- giving them a text-based computer, and make them create something that generates ascii art before giving them anything with a GUI.

- force them to create some sort of networked application before giving them social media.

Etc., etc. I know that in practice, the above sounds ridiculous: kids will grab that iPad as soon as they can use their fingers. However, the point is that there must be an incremental way to introduce kids to technology that forces them to learn, and rewards that learning with more sophisticated technology and learning.

I think any age-appropriate "building blocks" toy is an excellent STEM toy.

Three is really young to even think STEM. That does not mean you can’t go there, but one-on-one involvement on your part is absolutely essential.

When my kids were that age, frankly, it was more about mommy than me.

Still, we built an awesome wooden train table (Thomas trains, tracks, etc.). I also gave them an old IBM keyboard, the kind with the keys that click. They loved sitting on the floor next to me while I was on the computer.

I also got them involved with any project I did in the shop (so long as it wasn’t dangerous). For example, I’d have them help build model airplanes (hand me tools, parts, hold things, etc.).

I also took them to the flying field and had them fly with me using a “buddy box” (two transmitters linked for teacher-student control of the same plane).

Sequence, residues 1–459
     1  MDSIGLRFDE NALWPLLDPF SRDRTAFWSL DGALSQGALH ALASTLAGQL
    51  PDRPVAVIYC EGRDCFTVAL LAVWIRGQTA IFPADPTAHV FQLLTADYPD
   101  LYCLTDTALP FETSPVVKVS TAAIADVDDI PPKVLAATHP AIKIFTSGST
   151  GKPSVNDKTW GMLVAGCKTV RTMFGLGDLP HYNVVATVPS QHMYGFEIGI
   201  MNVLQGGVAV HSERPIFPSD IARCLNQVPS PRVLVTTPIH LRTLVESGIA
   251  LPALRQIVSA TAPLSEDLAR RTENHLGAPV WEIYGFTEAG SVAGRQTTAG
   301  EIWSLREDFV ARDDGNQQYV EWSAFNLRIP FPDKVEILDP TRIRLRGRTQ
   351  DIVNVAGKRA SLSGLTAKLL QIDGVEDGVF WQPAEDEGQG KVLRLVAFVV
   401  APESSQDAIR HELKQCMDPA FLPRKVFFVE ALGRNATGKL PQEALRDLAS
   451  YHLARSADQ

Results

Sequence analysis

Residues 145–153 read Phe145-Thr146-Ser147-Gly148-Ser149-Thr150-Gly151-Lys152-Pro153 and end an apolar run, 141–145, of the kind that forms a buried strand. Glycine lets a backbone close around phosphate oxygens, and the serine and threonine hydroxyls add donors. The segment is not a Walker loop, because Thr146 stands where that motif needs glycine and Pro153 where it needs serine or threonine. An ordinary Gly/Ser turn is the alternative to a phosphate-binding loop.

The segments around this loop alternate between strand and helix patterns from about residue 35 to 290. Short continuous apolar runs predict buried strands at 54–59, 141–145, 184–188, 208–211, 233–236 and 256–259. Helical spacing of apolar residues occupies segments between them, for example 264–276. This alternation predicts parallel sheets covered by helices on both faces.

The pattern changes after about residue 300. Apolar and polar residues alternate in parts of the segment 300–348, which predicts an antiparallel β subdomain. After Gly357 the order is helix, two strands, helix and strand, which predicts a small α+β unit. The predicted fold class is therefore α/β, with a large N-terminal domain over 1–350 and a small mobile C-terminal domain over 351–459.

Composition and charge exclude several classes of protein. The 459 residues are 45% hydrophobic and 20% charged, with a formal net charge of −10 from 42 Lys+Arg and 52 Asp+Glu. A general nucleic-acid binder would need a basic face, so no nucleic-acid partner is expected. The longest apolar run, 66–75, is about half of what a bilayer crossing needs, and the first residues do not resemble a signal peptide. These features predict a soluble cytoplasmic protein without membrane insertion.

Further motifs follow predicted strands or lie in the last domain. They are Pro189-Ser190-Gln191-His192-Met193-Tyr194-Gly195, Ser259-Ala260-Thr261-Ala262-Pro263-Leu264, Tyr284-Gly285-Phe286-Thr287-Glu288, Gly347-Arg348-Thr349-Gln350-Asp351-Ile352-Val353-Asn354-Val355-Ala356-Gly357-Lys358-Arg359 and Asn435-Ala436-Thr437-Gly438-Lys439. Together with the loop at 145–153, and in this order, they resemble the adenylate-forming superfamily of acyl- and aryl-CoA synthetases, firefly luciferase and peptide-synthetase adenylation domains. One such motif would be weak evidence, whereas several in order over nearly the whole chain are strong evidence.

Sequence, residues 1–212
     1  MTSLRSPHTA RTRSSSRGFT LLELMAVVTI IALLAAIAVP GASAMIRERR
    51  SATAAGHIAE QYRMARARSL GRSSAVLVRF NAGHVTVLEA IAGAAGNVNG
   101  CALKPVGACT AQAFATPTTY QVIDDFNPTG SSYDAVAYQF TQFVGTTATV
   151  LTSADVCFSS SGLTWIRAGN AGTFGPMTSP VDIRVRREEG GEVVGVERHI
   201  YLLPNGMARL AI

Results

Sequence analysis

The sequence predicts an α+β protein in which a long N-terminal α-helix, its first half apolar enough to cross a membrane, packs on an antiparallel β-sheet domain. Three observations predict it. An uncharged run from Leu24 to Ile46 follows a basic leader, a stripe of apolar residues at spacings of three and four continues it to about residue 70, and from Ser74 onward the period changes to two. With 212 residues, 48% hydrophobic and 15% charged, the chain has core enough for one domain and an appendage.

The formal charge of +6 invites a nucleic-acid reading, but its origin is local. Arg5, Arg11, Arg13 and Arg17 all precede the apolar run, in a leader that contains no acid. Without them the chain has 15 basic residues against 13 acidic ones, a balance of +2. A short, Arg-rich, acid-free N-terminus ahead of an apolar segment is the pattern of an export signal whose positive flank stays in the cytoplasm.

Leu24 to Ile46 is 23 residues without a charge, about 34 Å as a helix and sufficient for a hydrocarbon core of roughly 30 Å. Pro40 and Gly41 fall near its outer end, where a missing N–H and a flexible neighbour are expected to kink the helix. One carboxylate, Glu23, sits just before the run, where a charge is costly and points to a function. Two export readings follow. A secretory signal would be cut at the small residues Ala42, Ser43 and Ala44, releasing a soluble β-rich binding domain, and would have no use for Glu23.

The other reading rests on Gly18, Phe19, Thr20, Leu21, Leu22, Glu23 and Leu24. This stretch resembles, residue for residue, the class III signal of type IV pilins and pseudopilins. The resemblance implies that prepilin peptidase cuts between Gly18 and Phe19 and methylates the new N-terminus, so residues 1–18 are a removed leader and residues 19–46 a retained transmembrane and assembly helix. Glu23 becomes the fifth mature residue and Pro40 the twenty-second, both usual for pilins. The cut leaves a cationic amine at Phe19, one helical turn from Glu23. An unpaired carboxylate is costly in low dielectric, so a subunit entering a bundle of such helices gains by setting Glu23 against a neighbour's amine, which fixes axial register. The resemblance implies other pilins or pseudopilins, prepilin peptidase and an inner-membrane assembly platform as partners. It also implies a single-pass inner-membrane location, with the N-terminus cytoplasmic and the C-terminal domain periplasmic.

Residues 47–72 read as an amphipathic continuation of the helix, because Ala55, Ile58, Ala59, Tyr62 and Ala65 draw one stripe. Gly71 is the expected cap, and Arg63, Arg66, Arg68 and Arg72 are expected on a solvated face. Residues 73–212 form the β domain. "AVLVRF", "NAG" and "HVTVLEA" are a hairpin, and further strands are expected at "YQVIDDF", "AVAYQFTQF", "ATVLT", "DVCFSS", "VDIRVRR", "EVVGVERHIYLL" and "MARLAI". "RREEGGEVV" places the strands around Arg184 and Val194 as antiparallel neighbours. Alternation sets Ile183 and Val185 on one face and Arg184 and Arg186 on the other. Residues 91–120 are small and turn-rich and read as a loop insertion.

And fishing, even if it is using a lure without real hooks that looks like a little fish (after I clipped off the hooks). Definitely fishing, nothing compares to quality time fishing on a kayak on the lake.

The common thread is 100% personal involvement. That’s the only way it works, even if all you have are cardboard boxes (which should not be underestimated, BTW).

That really depends on what he and you like. My 3yo likes duplos, blocks, drawing tablet, trains, play kitchen, alphabet tablet, and matchbox/hotwheels car sets.

I don't think you need to worry about anything STEM specific, just find ways for him to practice dexterity and imagination. If you want to push for STEM stuff, he'll be much more capable around 5-6 years old (my 5yo loves Legos, puzzles, math, reading).

In fact, your child is probably more likely to be interested in STEM stuff by watching you than you buying stuff for them. My older son got into Legos because my wife did, he likes video games because I play them (helped me build a RetroPie), and he helps me build/fix stuff around the house to spend time with me. At 3yo, he's probably dextrous enough to want to do cool stuff with you, but clumsy enough to get frustrated, so I think it's more important to build confidence and imagination than to push them in any given direction.